Do you share the critique of contemporary culture found in Botho Strauß’ essay Anschwellender Bocksgesang (The swelling song of the billy goat. A highly controversial essay Strauß published in Der Spiegel in 1993 which rails against consumerism and the "sinister aeries of the Enlightenment.")

I read it, found it comprehensible; in a certain sense I've experienced this myself: a hostility to language that permeates the present day, the pervasive predominance of entertainment. As a composer, you experience it even more intensely than as an writer. You are constantly exposed to this universe of entertainment, and informed by its churches that the democratic majority stands at its side. Today, entertainment is considered holy; you're no longer permitted to say it doesn’t interest you. If you do, you’re considered undemocratic. This connection between entertainment and the majority, this false conclusion: where the majority stands, the truth must necessarily also be found, this idea has become cemented in music to such a degree that the phenomena described by Botho Strauß actually seems comparatively harmless. In the end, a new conception of the human being is promoted by the realm of entertainment. You are called upon, to the point of surrender, to act as a passive medium for the perceptions of others. This has certain Frankenstein qualities.

In an interview with this newspaper, Strauß said: "Decline was always there, a permanent intellectual topos beginning in Antiquity. It can't be any different. Ultimately, all epic poetry originated from the spirit: the times of greatness are behind us."
Do you believe this too?

Every artist finds himself in this position. He is confronted with things of quality that survive from the past. He has to work against this. He has to set his own creations against them.

But you don't look backwards nostalgically, do you? You must hope to accomplish something by composing.

There is a dialectical tension. I don't expect from the present that it will negate the power of the already existant. I hope that it is able to arrest the process of decline (which is itself a figure of thought). Of course, water doesn't flow upward. Things move downward. Everything we do as artists is directed at delaying this process of downward flow.

And what is flowing away?

Speaking figuratively, it is the substance itself. It flows away. It's always been like that. In those imagined better times too, which themselves responded to a past that was in turn conceived as being somehow superior.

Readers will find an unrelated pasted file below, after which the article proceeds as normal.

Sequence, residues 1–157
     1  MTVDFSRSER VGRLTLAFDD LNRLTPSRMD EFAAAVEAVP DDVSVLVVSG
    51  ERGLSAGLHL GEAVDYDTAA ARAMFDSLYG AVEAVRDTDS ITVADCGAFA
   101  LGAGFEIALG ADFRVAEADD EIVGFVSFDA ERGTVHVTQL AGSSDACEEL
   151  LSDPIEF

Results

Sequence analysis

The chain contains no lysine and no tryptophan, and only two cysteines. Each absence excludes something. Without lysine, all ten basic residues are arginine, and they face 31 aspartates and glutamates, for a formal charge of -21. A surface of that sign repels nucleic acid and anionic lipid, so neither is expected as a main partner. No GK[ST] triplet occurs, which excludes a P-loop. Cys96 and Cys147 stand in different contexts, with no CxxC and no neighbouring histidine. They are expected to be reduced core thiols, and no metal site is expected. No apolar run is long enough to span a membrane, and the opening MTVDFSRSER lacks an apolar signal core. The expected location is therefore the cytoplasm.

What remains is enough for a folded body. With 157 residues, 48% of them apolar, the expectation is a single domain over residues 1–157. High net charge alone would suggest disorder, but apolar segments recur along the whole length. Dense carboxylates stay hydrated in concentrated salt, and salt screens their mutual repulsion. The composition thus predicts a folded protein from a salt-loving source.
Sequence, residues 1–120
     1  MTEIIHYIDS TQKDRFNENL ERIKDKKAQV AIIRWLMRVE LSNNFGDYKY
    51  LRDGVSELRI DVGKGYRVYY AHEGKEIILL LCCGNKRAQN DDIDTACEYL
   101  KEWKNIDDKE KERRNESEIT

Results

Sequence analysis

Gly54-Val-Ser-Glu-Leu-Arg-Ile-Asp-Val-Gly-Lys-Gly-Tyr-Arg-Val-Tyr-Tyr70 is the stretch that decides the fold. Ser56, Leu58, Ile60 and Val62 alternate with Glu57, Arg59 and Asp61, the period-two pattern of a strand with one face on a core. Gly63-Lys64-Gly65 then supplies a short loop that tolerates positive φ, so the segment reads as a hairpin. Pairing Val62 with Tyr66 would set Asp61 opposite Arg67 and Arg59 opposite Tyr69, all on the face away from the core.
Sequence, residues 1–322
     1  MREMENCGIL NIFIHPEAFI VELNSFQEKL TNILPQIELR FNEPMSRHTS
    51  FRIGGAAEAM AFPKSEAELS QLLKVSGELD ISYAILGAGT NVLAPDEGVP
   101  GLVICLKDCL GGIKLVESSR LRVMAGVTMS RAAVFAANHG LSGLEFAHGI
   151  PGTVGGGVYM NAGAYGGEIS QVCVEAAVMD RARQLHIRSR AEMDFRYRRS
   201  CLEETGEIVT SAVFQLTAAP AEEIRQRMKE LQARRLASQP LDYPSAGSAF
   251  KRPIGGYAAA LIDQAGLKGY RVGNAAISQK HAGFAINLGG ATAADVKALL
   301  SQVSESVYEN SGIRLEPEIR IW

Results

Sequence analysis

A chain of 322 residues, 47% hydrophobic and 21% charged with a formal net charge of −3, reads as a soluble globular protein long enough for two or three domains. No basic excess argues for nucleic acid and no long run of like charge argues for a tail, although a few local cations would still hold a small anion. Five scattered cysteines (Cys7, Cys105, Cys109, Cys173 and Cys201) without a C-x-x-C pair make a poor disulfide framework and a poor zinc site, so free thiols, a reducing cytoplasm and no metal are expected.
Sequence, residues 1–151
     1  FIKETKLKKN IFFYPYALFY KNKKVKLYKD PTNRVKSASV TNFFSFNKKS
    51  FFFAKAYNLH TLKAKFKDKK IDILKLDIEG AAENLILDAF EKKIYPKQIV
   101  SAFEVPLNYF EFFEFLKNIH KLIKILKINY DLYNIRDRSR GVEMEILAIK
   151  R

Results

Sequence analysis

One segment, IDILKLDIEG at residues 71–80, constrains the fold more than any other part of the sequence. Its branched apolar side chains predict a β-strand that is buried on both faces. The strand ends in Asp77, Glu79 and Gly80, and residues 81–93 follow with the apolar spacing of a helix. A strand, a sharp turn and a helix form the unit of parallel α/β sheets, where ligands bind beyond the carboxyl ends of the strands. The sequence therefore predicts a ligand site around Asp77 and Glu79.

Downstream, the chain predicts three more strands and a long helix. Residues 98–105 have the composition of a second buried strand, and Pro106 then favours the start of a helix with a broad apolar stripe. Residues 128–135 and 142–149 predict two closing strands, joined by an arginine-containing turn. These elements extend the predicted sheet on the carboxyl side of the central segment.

Do you have the feeling of fighting for a lost cause?

The lost cause is the one you take up right from the beginning. Your life's work consists in converting a lost cause into a winning one.

And to remain with the same figure of speech: Where is the source?

The source cannot be localized. It could be referred to as a cultural stream. I can't say that Nono is better than Beethoven, or Beethoven better than Bach, or Bach better than Josquin. Art doesn’t work like that. When he started out, Bach first had to give form to his lost causes, Beethoven as well. That is the point of having a knowledge of history. Not that you go down on your knees in wonderment and say: Woe, that’s amazing, we can’t do anything these days! But instead: I must be able to answer that. I am left completey cold by the attitude: You fall from the sky knowing nothing at all, and the less you know, the better art you are able to make. For a time, that was the kind of thinking people liked to promote in the visual arts: I've never seen anything. I know nothing. I make art.

Does Das Gehege stand in a larger compositional context? As part of a cycle of works?


There plan is to group together three monodramas. The first is Aria/Ariadne, the second Das Gehege, and the third the Penthesilea Monologue. In this way, it’s possible to have the masculine figure make his appearance before dying in a marvellous way: at the end of Aria/Ariadne, Bacchus appears. In Das Gehege, he becomes the eagle. In the Penthesilea Monologue, the lacerated eagle becomes the lacerated Achilles. The piece could be called Drei Frauen (Three Women).

It’s always a question of rending and dismemberment, of sacrifice and self-sacrifice.

That is certainly the unifying element.

Is this merely an aesthetically unifying element – or the signum of our history?

That’s an interpretation I can't simply exclude, assuming it comes from a somewhat profound angle, but it's not one I would want to set above the work as a heading. Interpretation adds something new, it’s a response to the score, not something that takes it over it exclusively, ruling out other approaches.

Do you follow the debates about director’s theatre?


I’m often asked whether this or that director has interpreted my work correctly. I always answer by saying that the musical work offers itself up to the sense of scenic fantasy, but without being prescriptive. The director takes up the offer contained in the work and responds to it using his own resources. Well, some people then say, it's different with contemporary music, but with older works, things have to be done just so. I doubt very much that people would like it if Rossini’s operas were consistently served up exactly the way they were at the original performances. In those days, there wasn't much direction, things were more-or-less improvised. Today’s public wouldn’t be satisfied with that.

Are you interested in interpretation as an art form as such, in different productions of the same works by Verdi, Wagner, Puccini, Mozart?

The operas themselves interest me. And the interpretation has its equivalent in the music. Many people enjoy discussing how one performer takes a certain tempo faster, and another more slowly. With such putative connoisseurship, the work itself has no importance at all, the emphasis is on demonstrating your knowledge of the possibilities represented by the work, which are then observable in very slight interpretive differences. I find all that somewhat exaggerated. In his Feuilleton articles, Debussy wrote very pointedly about this phenomenon: it was a central preoccupation, he says, to discuss the latest interpretations of Beethoven’s symphonies, as though the speakers had some kind of special access to the beyond which allowed them to identify the correct tempo. Aside from that, of course, music does require interpretation, certainly.

*

"Das Gehege" is playing in Munich in January, February and July 2007. Dates here

This interview was conducted by Claus Spahn and Thomas Assheuer.


The article originally appeared in Die Zeit on October 26, 2006.


Translation: Ian Pepper